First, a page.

He had been quite content to live out his days alone in the lush, green forests of the North Shore mountains.
Sure, there was the odd video on social media that hinted at his existence and a bellowing howl could be heard from time to time in the far-off distance.
But it was the roar coming from Rogers Arena that truly enticed him down from his life in solitude.
Vancouver Warriors fans – meet Timbr the Sasquatch.
He’s the club's first ever mascot and the newest addition to the National Lacrosse League (NLL) team’s family.
“Timbr fell in love with the rambunctious fans and wanted to join the party, so now he lives in Rogers Arena,” explains Warriors’ chief business officer Colby Fackler. “And while he’s often out of sight, he comes out for his favourite things: Warriors’ lacrosse games and hanging out with the fans.”
Timbr made his debut at the team’s March 17 home contest against the San Diego Seals.
Part party animal and part family-friendly, brother in arms, Timbr rocks a pair of shades when it’s time to let loose and goes sans sunglasses when the gentle giant persona comes out.
He’s a bit goofy, loves the practical jokes and is all about fun – a bit of a behemoth who, at times, may not even know his own strength. Timbr may come off as shy, but he’s keen to kick it with the kids and their parents whenever he can.
“Part of this process is making him kid and family friendly and not too scary looking,” Fackler says. “But you also want him to capture the fun experience and party side of lacrosse too.”
Because of the nature of the sport, Timbr is inevitably active, agile and athletic. Lacrosse players, after all, are about as blue-collar as it comes in the sporting world; they’re no shrinking violets. And when the music is pumping and the action on the floor commences, it’s game on – both literally and figuratively for the newest mascot in Vancouver’s sporting landscape.
“You want something with a little grit and a little edge to it,” Fackler says.
Timbr’s coming into existence represents close to a year-long engagement with lacrosse fans to tease out ideas and personas for one of the last clubs in the NLL to be without a team figurehead.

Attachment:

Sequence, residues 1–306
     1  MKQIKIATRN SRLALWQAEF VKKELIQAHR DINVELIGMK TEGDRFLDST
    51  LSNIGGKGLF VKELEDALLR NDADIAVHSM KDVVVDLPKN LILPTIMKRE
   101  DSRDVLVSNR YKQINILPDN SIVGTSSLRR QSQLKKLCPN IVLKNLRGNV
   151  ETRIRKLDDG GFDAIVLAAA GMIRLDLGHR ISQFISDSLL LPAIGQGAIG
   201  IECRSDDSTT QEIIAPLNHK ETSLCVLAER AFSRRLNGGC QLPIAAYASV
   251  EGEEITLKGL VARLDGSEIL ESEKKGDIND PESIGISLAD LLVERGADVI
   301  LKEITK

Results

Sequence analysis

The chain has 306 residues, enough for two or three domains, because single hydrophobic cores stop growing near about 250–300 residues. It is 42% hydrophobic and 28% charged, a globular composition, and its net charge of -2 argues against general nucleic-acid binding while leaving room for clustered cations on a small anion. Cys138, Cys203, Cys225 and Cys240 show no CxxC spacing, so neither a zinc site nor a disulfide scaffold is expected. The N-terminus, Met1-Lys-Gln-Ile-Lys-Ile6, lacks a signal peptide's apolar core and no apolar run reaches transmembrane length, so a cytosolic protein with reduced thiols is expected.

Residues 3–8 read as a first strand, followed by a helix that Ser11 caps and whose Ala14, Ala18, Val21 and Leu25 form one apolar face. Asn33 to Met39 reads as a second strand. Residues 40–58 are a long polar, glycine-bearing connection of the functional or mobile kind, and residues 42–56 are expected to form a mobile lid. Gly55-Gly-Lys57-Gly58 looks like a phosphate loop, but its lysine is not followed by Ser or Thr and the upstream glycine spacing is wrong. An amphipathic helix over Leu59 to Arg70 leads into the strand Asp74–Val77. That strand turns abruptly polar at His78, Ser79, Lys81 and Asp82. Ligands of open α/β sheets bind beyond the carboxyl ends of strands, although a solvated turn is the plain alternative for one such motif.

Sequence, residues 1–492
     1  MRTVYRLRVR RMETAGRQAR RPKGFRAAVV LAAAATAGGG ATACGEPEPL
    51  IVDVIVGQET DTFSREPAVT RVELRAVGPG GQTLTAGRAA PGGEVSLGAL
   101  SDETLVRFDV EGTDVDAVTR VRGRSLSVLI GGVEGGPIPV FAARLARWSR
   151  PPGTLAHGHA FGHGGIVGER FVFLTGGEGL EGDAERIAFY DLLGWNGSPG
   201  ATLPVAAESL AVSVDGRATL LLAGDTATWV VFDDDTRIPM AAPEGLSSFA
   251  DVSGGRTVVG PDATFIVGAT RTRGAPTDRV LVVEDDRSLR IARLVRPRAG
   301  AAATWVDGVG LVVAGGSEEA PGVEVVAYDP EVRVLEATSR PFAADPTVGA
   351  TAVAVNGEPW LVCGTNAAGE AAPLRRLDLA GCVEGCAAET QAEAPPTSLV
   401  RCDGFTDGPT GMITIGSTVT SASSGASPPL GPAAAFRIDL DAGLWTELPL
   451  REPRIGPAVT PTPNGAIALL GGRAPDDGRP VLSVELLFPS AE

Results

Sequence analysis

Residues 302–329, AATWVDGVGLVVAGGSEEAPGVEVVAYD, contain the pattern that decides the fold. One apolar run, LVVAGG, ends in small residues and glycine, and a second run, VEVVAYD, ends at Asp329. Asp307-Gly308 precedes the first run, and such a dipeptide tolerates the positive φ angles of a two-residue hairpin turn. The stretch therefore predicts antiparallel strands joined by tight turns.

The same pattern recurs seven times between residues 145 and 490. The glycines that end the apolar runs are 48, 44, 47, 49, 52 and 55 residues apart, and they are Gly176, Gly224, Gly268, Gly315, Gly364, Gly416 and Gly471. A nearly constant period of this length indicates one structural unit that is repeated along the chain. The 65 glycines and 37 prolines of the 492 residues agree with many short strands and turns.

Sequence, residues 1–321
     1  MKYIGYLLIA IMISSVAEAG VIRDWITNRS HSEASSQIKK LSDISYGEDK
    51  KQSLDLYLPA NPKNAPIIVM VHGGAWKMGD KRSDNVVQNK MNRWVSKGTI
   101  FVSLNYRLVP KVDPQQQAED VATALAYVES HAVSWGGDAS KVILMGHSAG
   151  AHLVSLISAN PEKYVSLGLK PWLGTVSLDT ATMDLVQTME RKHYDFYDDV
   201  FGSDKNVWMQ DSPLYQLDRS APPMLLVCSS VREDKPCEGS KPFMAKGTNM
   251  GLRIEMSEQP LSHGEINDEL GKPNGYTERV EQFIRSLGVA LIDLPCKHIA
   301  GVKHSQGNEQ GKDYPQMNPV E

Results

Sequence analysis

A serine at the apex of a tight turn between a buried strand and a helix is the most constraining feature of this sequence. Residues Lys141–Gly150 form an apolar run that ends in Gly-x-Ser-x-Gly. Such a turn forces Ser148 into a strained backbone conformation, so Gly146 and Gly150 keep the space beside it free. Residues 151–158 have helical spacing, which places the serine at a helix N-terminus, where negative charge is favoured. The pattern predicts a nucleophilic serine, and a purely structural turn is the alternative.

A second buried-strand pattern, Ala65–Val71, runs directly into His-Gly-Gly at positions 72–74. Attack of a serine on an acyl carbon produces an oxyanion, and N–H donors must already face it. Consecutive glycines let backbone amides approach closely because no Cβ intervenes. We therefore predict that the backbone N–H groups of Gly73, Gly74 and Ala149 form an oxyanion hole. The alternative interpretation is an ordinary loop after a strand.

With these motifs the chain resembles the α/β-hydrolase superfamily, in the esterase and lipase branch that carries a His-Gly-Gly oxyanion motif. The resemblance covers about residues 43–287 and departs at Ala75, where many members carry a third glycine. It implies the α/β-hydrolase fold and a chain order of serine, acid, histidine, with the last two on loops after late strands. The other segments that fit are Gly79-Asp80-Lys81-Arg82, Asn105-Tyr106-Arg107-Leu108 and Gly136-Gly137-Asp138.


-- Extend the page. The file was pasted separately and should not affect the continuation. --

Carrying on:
A fan vote was launched last offseason asking fans what it meant to be a Warrior and how the concept should be brought to life.
Thousands of submissions were received, and the final list was whittled down to four front runners: a bear, an eagle, a sasquatch and even a turf monster.
“The sasquatch was hands down the winner there, by almost a two-to-one margin,” Fackler says.
There were, of course, some rather obtuse and strange submissions: the Gastown Steam Clock, a bong, the Inukshuk at English Bay or its neighbour, the English Bay barge.
There was even a single submission suggesting the mascot quite literally be a box.
“I guess it’s because we play in a box, but I’m trying to wrap my head around what that would be like as a mascot,” Fackler says. “We had all sorts of very wild submissions that were pretty fun. Some submissions pushed the boundaries, but we eventually landed on a great representation of our fanbase and lacrosse community.”
In addition to being a game-night fixture, Timbr will be featured prominently in the numerous ways the Warriors connect with the community: he’ll be at the team’s Stick to School program appearances, at minor lacrosse camps and the upcoming provincials, and at various civic events and parades.
As for his future relationship with Vancouver Canucks mascot, Fin?
“They will definitely meet at some point,” Fackler says. “I could see them very likely going for a meal together and getting some fresh salmon to eat.”
For more information on Vancouver Warriors and to buy your tickets for the next game, visit vancouverwarriors.com.